Nicolas Nova (CC) https://www.flickr.com/photos/nnova/4060530995

The New Yorker recently published an insightful article called „We Know How You Feel - Computers are learning to read emotion, and the business world can’t wait.“, which discusses the potential of machine learning and big data. The author tells the story of how advanced facial recognition has developed. It is now possible to analyze single facial expressions and emotions we are not even aware of ourselves. That has triggered a lot of interest by advertisement companies. The goal is to increase the attention advertisements receive. One such company developing such software is Affectiva and it seems to be doing well.

Voice experts have trained computers to identify deep patterns in vocal pitch, rhythm, and intensity; their software can scan a conversation between a woman and a child and determine whether the woman is a mother, whether she is looking the child in the eye, whether she is angry or frustrated or joyful. Other machines can measure sentiment by assessing the arrangement of our words or by reading our gestures. Still others can do so from facial expressions.

You wonder what this has to do with open government? In another example the author discusses the recently introduced Happiness Index in Dubai This sounds like an amazing approach for social innovation and open government. You can rate government services by simply clicking a button, giving officials instant feedback. I will have to wait probably decades before this would be implemented in German government offices. Public servants who listen and learn from constant feedback.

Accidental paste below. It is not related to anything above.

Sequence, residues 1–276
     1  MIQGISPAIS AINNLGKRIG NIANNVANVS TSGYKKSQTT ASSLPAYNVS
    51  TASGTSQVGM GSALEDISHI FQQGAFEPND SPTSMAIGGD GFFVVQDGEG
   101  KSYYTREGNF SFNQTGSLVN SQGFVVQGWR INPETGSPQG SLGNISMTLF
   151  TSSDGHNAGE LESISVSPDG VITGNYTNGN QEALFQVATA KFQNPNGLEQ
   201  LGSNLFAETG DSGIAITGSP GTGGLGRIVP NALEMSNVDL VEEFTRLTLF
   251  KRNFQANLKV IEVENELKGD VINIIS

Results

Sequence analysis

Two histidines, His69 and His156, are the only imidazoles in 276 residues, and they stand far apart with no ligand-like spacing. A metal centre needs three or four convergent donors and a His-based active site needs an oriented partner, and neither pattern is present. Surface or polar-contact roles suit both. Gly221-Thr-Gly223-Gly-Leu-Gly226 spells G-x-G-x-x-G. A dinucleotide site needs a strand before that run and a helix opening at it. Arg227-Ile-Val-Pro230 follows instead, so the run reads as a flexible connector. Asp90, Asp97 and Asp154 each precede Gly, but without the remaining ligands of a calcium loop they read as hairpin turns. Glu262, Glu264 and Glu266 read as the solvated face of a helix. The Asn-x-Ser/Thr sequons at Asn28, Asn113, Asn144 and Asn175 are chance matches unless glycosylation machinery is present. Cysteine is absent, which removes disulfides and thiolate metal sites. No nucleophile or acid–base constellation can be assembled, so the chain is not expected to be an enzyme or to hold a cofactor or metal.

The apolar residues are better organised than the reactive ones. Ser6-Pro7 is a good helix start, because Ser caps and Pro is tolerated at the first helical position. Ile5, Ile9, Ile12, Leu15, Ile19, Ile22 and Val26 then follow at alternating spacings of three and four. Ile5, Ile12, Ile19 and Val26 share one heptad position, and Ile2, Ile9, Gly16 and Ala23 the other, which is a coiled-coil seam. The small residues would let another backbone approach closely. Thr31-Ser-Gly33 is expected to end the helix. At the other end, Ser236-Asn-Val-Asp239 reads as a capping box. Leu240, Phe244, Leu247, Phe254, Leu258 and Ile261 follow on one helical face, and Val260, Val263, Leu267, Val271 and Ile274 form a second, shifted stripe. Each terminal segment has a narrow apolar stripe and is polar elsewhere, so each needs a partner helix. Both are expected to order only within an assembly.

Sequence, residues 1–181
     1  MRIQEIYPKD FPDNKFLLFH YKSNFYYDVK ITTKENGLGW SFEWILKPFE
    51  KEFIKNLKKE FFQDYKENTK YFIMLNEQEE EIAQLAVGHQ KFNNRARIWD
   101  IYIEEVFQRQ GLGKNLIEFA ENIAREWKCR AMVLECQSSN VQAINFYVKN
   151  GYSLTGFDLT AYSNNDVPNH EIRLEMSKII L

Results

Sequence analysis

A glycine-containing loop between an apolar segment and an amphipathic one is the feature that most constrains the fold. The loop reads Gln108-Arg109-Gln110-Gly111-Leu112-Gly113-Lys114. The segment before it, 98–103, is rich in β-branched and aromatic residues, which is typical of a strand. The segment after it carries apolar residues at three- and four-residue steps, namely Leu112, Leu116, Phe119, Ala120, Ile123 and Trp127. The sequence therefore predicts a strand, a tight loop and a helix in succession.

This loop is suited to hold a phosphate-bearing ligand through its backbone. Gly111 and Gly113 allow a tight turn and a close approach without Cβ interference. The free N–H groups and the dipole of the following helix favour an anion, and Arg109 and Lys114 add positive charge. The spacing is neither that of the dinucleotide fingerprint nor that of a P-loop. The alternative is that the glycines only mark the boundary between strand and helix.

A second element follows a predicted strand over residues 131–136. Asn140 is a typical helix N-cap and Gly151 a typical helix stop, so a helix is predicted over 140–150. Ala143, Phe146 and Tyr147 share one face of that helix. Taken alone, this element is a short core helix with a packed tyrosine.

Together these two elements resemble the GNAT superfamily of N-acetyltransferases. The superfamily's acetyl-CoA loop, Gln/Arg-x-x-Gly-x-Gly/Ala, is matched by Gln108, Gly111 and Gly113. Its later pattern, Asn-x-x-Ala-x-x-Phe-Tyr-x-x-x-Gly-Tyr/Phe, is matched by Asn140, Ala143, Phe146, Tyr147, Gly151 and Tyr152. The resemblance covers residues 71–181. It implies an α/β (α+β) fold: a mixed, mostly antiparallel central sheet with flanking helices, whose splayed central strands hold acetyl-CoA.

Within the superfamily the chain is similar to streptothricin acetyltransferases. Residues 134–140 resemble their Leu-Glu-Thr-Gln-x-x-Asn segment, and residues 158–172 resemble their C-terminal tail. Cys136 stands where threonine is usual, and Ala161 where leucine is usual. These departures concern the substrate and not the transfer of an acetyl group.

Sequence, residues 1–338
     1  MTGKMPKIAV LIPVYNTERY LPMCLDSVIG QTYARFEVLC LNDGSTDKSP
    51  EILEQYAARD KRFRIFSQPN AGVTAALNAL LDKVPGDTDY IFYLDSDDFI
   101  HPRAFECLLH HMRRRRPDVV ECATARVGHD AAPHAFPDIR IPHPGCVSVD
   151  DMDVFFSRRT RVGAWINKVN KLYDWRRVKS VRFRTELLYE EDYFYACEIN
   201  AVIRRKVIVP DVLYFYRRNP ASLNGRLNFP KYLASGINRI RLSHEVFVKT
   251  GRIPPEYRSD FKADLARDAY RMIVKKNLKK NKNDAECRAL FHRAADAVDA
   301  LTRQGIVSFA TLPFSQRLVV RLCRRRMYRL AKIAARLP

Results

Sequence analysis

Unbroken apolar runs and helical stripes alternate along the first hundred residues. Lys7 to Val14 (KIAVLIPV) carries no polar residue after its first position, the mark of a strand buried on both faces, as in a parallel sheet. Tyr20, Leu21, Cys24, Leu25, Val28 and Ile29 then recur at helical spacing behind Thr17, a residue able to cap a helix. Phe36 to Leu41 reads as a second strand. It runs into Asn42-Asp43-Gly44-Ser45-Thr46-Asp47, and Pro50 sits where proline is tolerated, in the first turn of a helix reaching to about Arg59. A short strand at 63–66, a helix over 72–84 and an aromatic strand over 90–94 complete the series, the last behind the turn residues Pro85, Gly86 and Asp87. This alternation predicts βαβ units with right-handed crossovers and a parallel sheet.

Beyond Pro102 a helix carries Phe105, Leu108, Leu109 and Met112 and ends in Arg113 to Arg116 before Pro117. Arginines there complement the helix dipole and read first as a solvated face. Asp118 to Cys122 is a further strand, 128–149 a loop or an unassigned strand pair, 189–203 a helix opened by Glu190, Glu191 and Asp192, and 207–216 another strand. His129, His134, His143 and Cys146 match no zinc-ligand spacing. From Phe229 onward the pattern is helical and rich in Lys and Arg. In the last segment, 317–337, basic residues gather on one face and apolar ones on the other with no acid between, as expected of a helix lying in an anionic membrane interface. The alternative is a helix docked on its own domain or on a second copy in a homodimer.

But the above approach could be implemented much easier by using emotion analysis software because Dubai has the tightest CCTV surveillance network and that’s what is also discussed in the article:

Kaliouby forwarded me an e-mail that a member of her team wrote about a state initiative in Dubai, the Happiness Index, meant to measure social contentment: “Dubai is known to have one of the world’s tightest CCTV networks, so the infrastructure to acquire video footage to be analyzed by Affdex already exists. I feel that’s a promising opportunity.”

And here things become awkward. Imagine you can analyze in real-time the mood of your beloved citizens. It is all happiness, right? The granny sitting in the shopping mall is feeling sick. Better send an ambulance. The boy on the playground has some grim face. Better get the police to check by. You never know. This bearded man is for the 7th day nervously standing in front of the embassy. Preemptive arrest warrant is recommended by our electronic assistant. Let’s order “Robot Cop” to take care of that issue.

It is scary to see how the technological enthusiasm leaves often little room to elaborate its consequences. The Dubai government also launched recently a Drones for Good event. Using drones for good purposes such as Drones watch for disease and collect real-time data on crop health and yields. How can we really control that flying cameras are always intended for good purposes? And who defines what a good purpose is?

As much as I am enthusiastic about these new technologies’ potential, I am slowly starting to feel worried how these new approaches are implemented. There is hardly any discussion about consequences. The above company does not seem to worry about them. Open government is a complex attempt to re-invent the relationship between citizen and government. We need to be careful that this does not turn into mass surveillance.